Wildlife rescuers have been able to locate an injured koala joey who fled after his mother was mauled to death on a property in southeast Queensland.
- A lactating koala was fatally mauled by a dog in Imbil, Mary Valley
- More koalas are likely to move over the next six months for the breeding season
- Terri Irwin welcomed additional funding from the state government to protect the species
Wildcare Australia was called in to rescue the koala in Imbil in the Mary Valley near Gympie on Sunday.
“Little Jacklyn appeared to have no visible injuries. [but] upon inspection and treatment at Australia Zoo Wildlife Hospital, they found she had blood in her abdomen,” volunteer Scott Wilson said.
He praised the landowner for contacting authorities quickly after finding Joey’s deceased mother, allowing rescuers to liaise with zoo staff.
“They [zoo staff] confirmed that the female koala had… a dependent young and was able to tell us the size of joey to look for,” he said.
“So we went back to the property, searched for about an hour and found this young koala.”
Caution during the breeding season
Mr Wilson urged locals to look out for the koalas as they traveled in search of a mate during the breeding season, which traditionally started in July.
He said marsupials are more likely to come into contact with roads, cars, people and dogs.
“It’s in no way a demonization of dogs or dog owners,” Wilson said.
“What we’re asking though is that people pay extra attention at this time of year as koalas move around trying to contain their dogs on their property as much as possible.”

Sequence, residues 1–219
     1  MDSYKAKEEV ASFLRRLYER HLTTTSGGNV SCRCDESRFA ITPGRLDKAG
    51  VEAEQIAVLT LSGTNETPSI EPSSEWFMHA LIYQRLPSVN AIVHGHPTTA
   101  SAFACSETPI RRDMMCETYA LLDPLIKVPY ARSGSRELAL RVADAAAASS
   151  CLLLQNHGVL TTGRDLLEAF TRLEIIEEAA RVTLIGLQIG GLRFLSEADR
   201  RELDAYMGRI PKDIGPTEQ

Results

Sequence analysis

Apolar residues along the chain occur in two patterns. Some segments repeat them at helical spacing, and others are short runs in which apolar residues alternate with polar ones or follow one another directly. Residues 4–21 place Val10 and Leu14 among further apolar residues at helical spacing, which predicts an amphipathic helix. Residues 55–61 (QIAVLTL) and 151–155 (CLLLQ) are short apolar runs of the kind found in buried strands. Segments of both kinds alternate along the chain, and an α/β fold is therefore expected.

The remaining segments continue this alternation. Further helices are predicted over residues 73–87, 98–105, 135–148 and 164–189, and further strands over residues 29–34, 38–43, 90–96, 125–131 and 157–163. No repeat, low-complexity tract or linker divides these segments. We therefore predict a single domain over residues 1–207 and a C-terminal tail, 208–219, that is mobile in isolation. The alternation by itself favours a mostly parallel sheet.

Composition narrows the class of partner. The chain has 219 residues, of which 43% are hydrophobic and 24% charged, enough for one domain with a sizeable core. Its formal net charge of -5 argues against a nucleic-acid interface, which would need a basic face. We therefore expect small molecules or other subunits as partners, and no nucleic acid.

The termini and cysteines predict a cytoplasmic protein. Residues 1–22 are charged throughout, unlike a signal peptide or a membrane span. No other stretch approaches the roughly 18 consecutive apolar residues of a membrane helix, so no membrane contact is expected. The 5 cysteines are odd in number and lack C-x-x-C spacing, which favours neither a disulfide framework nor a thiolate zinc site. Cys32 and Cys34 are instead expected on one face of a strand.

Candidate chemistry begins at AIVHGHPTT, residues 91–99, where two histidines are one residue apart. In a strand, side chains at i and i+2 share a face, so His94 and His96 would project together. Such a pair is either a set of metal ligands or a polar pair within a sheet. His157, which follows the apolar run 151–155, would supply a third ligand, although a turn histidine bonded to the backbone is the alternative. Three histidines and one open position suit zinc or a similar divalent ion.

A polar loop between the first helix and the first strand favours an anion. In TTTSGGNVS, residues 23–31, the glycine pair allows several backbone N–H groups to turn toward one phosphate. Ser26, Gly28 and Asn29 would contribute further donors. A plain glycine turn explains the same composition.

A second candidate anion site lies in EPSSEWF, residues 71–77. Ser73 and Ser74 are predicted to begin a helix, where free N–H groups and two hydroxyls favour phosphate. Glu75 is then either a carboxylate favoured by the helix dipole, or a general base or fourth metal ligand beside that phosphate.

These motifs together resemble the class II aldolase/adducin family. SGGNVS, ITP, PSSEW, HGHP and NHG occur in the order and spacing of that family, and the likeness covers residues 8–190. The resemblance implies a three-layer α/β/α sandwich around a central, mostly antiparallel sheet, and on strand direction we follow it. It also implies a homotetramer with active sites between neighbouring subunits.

Mr Wilson said koalas were more likely to move at dusk and dawn.
“The more education we do in the community, the more people we have actively paying attention to them and looking for them or noticing them…that would increase the likelihood that we would get more calls and people would see more koalas there- down.”
Increase in funding
The state government has announced an additional $3 million over the next two years for wildlife hospitals at the RSPCA, Currumbin Sanctuary and Australia Zoo.
This amount is in addition to the $1.5 million given annually to the SEQ Wildlife Hospital Network.
Environment Minister Meaghan Scanlon said the aim of the South East Queensland koala conservation strategy was to first prevent the animals from ending up in hospital.
Ms Scanlon said the focus would be on treating chlamydia in the species and creating protected areas.
“We need to make sure that we protect the habitat of all these native species and having a record investment to be able to buy even more land allows us to protect really, really important iconic animals like the koala,” she said.
Terri Irwin, director of Wildlife Warriors and owner of the Australian Zoo, welcomed the announcement and said a change in management strategy for koalas was needed.
Ms Irwin said an increasing number of animals have ended up in hospital, while koala populations have dwindled.
“Increased habitat will give us options instead of sending injured koalas back to areas that could be developed with golf courses, schools and housing to give them a chance to live more in the wild.” , Ms. Irwin said.
Ms Irwin said the wildlife hospital had treated more than 10,000 koalas with chlamydia – the biggest threat to the species.
“Being able to have a vaccine for all of these animals going back into the wild would be a great step in the right direction,” she said.
“We are in the final stages of development and testing and we also need the vaccine to have a long shelf life.”